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Tags: lawmakers | congressmen | franking | mail

Lawmakers Reach Out More Than Ever With Franking Privileges

By    |   Wednesday, 28 January 2015 12:51 PM

If you think you're hearing more from your lawmakers, you may be right — and it's all because of the use of the congressional franking privilege, which for some 200 years has given them the ability to send out official messages to their constituents at taxpayers' expense.

But instead of using the privilege to send out only traditional mail messages, modern franking means Congress members now also emphasize email, radio, and telephone call messages over traditional mail service, reports The New York Times, meaning more messages are reaching a wider audience than ever.

Franking privileges are extended so members of Congress can communicate with their constituents, and these days can include telephoned "town-hall" meetings, surveys, and more, and for campaign purposes.

The privilege, dating from 1775, allows Congress members to send mail, under their own signatures, without postage and then reimburse the U.S. Postal Service for the franked mail, according to the Congressional Research Service.

According to a 2012 Berry College study, most politicians used franked mail while they were either seeking higher offices or were in close elections, as well as people whose home districts were far away from the capital.

But that trend is changing with nonmail communications. Just nine of the top 25 people who sent franked mail from the House from Oct. 1, 2013, through Sept. 30, 2014, were those who were running for re-election in competitive races or who were retiring.

The lawmakers using nonmail communications the most, though, were not involved in races or retiring, and were from states close to Washington, the Times reports.

And those messages didn't come cheap. During that one-year period, House members used the franking privilege to send out $22.3 million in traditional mail messages and $6.7 million on nonmail communications. Lawmakers don't send the messages out for free, however, as they are paid for from taxpayers' dollars through congressional offices' budgets, according to the Committee on House Administration.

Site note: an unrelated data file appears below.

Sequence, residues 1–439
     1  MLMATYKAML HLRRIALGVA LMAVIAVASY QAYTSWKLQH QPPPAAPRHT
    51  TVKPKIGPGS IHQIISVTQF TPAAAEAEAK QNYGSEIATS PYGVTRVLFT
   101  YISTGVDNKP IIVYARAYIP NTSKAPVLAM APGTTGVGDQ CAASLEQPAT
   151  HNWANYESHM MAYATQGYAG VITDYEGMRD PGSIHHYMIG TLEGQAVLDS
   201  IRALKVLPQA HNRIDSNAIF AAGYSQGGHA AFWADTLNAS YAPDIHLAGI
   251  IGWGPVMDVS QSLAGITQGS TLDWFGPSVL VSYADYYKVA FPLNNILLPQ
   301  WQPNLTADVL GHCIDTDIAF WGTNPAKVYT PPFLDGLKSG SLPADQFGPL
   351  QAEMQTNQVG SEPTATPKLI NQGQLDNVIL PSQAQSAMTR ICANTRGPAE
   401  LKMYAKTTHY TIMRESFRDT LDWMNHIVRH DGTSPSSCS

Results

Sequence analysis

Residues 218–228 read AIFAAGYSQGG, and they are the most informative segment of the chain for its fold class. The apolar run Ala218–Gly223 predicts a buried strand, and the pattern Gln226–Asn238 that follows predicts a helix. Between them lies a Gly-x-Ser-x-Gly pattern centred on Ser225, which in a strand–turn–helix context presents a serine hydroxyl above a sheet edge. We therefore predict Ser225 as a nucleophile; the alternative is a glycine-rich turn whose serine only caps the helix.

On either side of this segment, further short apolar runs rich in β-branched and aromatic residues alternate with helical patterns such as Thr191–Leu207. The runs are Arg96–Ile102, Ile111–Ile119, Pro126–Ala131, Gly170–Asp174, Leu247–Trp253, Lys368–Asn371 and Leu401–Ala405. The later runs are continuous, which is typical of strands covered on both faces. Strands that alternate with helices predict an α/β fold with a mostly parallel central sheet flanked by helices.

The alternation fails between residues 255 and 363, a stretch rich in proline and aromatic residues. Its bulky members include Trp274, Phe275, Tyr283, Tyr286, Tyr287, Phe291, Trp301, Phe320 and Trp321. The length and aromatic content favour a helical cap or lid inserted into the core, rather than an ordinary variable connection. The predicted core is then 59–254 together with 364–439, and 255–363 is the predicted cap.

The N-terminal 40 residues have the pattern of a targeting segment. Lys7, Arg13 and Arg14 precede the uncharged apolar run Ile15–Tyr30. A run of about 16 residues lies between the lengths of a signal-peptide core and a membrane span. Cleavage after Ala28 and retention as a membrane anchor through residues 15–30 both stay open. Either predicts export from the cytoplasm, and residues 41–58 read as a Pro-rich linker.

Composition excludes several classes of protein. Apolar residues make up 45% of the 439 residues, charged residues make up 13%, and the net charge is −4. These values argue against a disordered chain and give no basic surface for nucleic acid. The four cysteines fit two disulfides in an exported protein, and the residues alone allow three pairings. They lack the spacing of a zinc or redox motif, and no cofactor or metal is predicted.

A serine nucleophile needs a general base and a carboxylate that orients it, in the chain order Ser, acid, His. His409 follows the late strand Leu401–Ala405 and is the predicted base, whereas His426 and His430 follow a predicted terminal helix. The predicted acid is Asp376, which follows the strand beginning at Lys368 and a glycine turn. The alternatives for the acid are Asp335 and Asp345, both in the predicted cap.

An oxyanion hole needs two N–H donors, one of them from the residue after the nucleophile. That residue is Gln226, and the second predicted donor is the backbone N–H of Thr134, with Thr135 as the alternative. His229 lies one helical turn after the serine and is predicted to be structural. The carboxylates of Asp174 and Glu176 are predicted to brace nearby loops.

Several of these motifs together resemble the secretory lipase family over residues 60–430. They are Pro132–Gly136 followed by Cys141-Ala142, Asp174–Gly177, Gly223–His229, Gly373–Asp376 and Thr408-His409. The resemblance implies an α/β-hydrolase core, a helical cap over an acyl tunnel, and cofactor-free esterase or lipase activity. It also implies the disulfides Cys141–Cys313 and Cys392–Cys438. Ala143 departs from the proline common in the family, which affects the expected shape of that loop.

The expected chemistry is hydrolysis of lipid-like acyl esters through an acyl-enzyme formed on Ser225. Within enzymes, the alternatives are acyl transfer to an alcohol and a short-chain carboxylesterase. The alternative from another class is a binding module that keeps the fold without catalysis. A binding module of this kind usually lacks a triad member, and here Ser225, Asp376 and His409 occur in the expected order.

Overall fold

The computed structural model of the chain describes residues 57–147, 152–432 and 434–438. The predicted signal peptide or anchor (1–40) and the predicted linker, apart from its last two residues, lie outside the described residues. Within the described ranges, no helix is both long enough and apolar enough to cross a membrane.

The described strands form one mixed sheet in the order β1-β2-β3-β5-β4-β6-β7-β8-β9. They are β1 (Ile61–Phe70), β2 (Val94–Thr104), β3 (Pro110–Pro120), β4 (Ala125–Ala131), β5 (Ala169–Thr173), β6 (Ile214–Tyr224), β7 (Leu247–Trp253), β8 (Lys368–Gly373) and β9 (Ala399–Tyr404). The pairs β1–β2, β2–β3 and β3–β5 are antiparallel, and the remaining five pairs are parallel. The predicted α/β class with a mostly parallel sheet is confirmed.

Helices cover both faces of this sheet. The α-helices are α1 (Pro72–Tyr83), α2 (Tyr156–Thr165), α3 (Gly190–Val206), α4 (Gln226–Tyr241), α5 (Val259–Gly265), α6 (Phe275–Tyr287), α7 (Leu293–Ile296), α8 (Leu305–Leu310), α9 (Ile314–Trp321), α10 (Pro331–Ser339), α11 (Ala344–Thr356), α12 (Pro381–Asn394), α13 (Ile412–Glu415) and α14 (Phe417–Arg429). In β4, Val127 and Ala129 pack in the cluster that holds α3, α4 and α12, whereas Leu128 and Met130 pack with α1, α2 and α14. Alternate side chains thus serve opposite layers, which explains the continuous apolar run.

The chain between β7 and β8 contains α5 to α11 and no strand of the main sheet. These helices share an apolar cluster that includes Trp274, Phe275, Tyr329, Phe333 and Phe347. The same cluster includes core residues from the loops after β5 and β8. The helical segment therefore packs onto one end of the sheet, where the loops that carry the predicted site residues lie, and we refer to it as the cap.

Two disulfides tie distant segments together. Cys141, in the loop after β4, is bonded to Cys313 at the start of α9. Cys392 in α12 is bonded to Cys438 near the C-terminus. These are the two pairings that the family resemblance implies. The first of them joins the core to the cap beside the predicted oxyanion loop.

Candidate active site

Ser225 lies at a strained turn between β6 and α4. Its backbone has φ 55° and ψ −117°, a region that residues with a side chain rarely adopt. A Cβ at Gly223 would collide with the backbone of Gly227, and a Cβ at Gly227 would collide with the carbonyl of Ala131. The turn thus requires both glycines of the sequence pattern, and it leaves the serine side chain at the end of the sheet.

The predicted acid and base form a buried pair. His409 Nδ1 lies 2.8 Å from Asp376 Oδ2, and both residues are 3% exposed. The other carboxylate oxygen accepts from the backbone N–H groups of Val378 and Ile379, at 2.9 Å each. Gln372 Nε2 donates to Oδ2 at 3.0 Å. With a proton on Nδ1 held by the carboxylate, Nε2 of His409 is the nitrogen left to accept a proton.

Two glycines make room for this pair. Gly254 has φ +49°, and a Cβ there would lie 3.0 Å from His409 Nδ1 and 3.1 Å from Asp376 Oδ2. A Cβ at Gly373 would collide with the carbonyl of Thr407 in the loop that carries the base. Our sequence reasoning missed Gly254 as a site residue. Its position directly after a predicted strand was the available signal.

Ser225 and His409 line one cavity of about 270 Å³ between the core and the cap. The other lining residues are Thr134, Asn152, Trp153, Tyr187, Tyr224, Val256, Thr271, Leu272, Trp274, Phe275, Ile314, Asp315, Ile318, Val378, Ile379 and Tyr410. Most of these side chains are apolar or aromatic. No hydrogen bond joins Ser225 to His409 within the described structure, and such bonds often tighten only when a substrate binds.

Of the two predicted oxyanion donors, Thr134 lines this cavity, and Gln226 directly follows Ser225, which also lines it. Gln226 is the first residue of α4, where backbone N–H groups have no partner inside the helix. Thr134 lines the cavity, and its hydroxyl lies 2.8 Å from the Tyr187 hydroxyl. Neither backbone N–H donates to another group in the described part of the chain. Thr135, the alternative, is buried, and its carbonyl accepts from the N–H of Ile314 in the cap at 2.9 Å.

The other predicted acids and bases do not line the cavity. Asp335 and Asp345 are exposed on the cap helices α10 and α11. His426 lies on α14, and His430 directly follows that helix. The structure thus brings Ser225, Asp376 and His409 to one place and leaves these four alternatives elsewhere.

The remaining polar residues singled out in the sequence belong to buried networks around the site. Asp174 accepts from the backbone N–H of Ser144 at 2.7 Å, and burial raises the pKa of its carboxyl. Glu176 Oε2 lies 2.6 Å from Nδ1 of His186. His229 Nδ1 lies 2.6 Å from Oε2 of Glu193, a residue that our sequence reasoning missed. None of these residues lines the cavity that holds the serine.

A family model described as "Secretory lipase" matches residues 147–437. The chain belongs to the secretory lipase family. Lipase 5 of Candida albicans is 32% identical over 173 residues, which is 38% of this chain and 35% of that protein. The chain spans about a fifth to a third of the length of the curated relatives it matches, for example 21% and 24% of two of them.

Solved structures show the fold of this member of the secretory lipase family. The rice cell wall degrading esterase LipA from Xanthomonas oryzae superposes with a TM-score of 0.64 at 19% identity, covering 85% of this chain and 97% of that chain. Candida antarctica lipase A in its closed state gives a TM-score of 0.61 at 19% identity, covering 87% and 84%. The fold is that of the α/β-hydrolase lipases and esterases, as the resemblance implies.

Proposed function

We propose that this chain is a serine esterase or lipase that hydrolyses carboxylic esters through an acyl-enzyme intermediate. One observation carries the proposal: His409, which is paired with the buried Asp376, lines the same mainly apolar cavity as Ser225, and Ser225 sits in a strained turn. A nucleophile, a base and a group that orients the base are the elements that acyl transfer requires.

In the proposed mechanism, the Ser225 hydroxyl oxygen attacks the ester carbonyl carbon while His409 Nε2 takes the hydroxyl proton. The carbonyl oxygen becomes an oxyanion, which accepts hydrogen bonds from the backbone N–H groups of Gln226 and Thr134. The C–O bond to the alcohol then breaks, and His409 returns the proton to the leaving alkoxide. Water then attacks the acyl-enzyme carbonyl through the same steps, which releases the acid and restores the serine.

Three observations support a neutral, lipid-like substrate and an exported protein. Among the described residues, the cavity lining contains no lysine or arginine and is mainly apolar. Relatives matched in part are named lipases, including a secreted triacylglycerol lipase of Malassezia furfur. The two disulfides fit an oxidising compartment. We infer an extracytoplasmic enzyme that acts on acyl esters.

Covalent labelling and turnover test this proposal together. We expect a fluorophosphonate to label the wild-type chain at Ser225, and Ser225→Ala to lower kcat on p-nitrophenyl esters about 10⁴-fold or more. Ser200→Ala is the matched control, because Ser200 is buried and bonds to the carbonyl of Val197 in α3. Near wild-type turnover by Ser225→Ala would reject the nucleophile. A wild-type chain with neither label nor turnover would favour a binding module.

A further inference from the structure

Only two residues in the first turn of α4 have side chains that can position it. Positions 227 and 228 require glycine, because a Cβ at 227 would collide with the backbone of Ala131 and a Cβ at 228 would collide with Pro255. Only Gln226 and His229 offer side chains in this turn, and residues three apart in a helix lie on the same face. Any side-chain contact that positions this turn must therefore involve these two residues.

The numbers of people sending the franked mail are down, though, with 84 percent sending such messages from 1997 to 2008, according to a Congressional Research Service report,  and 68 percent sending at least one piece of franked mail during the one year period studied between 2013 and 2014.

And some of the numbers of communications are in the millions. Texas Democratic Rep. Henry Cuellar's office sent the equivalent of 60.7 million official, unsolicited messages to his constituents between July through September 2014. Another lawmaker, Florida Republican Rep. Rich Nugent, made the equivalent of 40 million such communications in the third quarter of the year.

They stand out among the highest, as the average lawmaker sent out 27,476 nonmail messages during that time frame, reports The Times.

The messages, though, don't go out individually, as the total includes how radio ads are counted, so Cuellar's numbers tallied up because of the radio messages used to reach the 710,260 constituents in his huge district, stretching from near San Antonio to the Mexican border.

To get the total, offices multiply the number of ads by the potential audience from each radio station, said The Times.

Spokespeople for both Cuellar and Nugent said the messages are important, as they keep the lawmakers in touch with their far-flung constituents.

Nugent's costs during the third quarter tallied $8,100, and Cuellar's was $31,148, and overall, lawmakers spent $1.7 million in that period on franked, nonmail messages and $5.6 million on mail.

The highest amount spent on franked mail during that period was from Rep. Julia Brownley, a California Democrat, whose office spent $192,631 on franked mail.

With the growth of the Internet, traditional mass "snail" mailings have dropped drastically.

About 82 percent of House members sent such mailings between 1997 and 2012 to at least 500 constituents, but the mail volume dropped from 122.6 million pieces in 1997 to 61.4 million, according to the Congressional Research Service.

Many House members also do not use the franking privilege. A full 285 members sent no such mail in the third quarter of last year and 197 sent no mass communications at all.

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If you think you're hearing more from your lawmakers, you may be right - and it's because of the use of the congressional franking privilege, which for 200 years has given them the ability to send out official messages to their constituents at taxpayers' expense.
lawmakers, congressmen, franking, mail
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2015-51-28
Wednesday, 28 January 2015 12:51 PM
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